If you like having control over your coding setup, consider using your own local VS Code instead of the hosted version. By setting up an SSH Server, you can run your code directly on your server, tapping into its robust cloud resources. This way, you maintain full control over your development environment, customizing VS Code with your favorite extensions and settings.
You can find your SSH public key in
~/.ssh/config directory of your local machine. SSH Public key is stored in a file ending with
If you don't have an SSH Key Pair. You can generate one using the command:
ssh-keygen -t rsa
You can refer to thishttps://docs.oracle.com/en/cloud/cloud-at-customer/occ-get-started/generate-ssh-key-pair.html#GUID-8B9E7FCB-CEA3-4FB3-BF1A-FD3406A2432F doc for generating a SSH Key Pair.
To install proxytunnel, follow the steps below:
brew install proxytunnel
sudo apt-get update
sudo apt-get install proxy-tunnel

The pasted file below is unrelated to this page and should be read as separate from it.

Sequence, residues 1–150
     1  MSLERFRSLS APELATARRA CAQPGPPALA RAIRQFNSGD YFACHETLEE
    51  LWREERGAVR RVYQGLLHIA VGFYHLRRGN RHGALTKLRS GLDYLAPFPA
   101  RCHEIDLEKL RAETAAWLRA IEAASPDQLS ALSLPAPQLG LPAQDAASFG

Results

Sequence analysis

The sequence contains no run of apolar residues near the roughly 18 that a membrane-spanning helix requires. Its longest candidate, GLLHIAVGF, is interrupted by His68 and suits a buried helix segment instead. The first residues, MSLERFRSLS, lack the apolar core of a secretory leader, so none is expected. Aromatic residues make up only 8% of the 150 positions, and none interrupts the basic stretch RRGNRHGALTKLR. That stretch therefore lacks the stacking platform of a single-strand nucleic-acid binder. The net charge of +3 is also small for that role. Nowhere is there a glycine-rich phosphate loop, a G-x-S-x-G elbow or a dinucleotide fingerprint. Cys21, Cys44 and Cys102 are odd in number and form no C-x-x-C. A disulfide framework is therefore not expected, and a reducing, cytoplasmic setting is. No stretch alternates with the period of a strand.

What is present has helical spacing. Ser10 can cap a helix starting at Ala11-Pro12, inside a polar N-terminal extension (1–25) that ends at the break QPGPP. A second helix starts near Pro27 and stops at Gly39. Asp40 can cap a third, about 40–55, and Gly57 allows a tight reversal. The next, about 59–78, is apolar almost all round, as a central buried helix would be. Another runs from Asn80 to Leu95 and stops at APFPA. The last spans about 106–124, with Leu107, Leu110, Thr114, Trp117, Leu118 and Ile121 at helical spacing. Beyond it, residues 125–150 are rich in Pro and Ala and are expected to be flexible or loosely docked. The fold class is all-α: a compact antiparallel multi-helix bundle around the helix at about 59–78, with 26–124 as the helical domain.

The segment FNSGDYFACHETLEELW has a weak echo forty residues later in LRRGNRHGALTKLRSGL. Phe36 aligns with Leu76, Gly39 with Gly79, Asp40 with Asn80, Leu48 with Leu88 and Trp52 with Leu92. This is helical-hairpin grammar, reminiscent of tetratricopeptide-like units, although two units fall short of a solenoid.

For Windows, you need to download the release of proxytunnel from the official https://github.com/proxytunnel/proxytunnel/releases/download/v1.10.20210604/proxytunnel.zip release.
Unzip the contents of the folder and add the path to the folder where you unzipped the zip file to your environment variable "PATH". Refer to the link: https://stackoverflow.com/a/41895179
Install the extention: https://marketplace.visualstudio.com/items?itemName=ms-vscode.remote-explorer
Once this is done, you can access your container from the left panel.
To add more users to the SSH Server. You need to add the SSH keys to the users to the
mkdir -p /home/jovyan/.ssh/authorized_keys
mkdir -p /home/jovyan/.ssh
echo "ENTER_PUBLIC_KEY" >> /home/jovyan/.ssh/authorized_keys
You can add multiple users with this. You can also remove users from this file as required.
Updated 16 days ago